Speaking in Southland last week, the recently crowned 2019 Innovator of the Year Ian Taylor said one of his main secrets to success is continuing to dream big – and his message is one we can relate to.

It was thanks to a dream to introduce a Zero Fees Scheme at the Southern Institute of Technology (SIT) that Southland’s reputation around the country, and rest of the world, started to grow.

At the dawn of the new millennium, Southland was struggling with a significant population decline and the introduction of SIT’s Zero Fees Scheme, which was embraced enthusiastically by Southland stakeholders, played a pivotal role in helping the city and wider region to turn this around.

As part of two SIT External Advisory Boards, I am able to see first-hand the impact the organisation has on both domestic and international learning, and the wide range of social and economic benefits the successful model generates in our communities.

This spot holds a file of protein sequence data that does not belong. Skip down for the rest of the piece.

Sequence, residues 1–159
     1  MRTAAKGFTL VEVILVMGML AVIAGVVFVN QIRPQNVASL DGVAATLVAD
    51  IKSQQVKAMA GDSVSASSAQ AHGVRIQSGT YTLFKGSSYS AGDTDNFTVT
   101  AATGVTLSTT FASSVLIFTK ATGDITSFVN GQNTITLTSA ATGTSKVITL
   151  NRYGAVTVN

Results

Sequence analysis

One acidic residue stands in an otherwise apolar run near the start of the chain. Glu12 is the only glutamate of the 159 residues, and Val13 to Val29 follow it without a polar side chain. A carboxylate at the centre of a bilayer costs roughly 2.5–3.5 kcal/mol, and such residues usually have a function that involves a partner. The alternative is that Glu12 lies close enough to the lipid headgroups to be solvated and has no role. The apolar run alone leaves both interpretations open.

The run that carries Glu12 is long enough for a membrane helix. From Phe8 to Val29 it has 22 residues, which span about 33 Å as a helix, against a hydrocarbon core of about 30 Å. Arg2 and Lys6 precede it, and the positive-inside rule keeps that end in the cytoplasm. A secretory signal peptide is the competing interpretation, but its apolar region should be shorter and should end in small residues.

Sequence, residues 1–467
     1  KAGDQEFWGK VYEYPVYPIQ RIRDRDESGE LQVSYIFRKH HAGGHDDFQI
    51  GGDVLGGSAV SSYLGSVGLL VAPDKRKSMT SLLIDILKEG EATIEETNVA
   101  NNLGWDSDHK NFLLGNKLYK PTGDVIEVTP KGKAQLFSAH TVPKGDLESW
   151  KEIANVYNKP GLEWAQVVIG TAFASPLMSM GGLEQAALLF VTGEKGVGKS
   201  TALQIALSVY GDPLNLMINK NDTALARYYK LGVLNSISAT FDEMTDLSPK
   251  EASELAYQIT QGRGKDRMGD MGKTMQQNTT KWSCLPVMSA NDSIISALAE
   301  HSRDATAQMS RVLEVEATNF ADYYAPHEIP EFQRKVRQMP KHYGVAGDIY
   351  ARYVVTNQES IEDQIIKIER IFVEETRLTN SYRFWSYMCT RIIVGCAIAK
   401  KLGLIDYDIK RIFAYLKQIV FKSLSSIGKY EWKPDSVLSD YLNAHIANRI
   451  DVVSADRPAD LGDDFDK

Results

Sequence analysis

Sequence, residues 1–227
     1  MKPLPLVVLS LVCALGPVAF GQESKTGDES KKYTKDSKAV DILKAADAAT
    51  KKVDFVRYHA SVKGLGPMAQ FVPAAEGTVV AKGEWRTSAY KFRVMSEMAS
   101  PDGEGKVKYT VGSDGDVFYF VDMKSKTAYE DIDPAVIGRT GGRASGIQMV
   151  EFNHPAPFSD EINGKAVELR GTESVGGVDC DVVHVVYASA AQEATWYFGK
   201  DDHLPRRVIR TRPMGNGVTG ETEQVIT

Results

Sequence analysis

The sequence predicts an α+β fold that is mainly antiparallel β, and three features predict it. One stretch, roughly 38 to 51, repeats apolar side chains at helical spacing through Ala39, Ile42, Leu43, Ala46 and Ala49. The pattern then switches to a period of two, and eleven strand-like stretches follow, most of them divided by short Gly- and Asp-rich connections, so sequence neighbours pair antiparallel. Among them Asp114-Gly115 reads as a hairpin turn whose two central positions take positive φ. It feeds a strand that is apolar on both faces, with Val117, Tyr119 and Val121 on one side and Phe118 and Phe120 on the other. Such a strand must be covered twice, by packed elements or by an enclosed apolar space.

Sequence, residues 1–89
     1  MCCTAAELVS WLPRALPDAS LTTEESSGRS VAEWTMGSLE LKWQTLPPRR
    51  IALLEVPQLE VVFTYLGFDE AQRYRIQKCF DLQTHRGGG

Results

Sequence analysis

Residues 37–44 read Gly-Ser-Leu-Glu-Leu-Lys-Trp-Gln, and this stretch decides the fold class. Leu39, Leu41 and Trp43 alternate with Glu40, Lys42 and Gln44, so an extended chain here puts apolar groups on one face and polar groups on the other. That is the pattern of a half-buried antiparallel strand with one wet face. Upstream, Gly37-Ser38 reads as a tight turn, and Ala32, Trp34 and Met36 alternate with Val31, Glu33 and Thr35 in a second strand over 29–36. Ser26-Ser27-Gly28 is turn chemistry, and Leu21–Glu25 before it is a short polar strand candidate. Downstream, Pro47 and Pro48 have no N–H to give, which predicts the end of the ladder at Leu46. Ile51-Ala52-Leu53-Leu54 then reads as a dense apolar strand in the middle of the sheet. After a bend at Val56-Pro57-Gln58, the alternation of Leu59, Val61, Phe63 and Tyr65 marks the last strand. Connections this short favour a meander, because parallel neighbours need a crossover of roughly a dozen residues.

It is extremely concerning to think how much the region could be adversely affected if the proposal to merge New Zealand’s 16 polytechnics and Institutes of Technology is successful.

In 2016 a perception study we ran found that the Zero Fees Scheme is the fourth most popular association to the Southland region, showing the essential, and prominent role SIT plays in our attraction and promotion strategies.

With the appeal of SIT enticing more and more international students to our region, we’re also witnessing increased diversity and vibrancy across our region. This helps strengthen local businesses, which benefit from both increased trade, and the skills graduating students bring to workplaces.

It is therefore important that we as a region highlight the impact this proposal could have on our region’s ability to thrive. We all want the success of the SIT model to continue, let’s hope we can convince the government to make it happen.

Kind regards, 

Paul Casson signature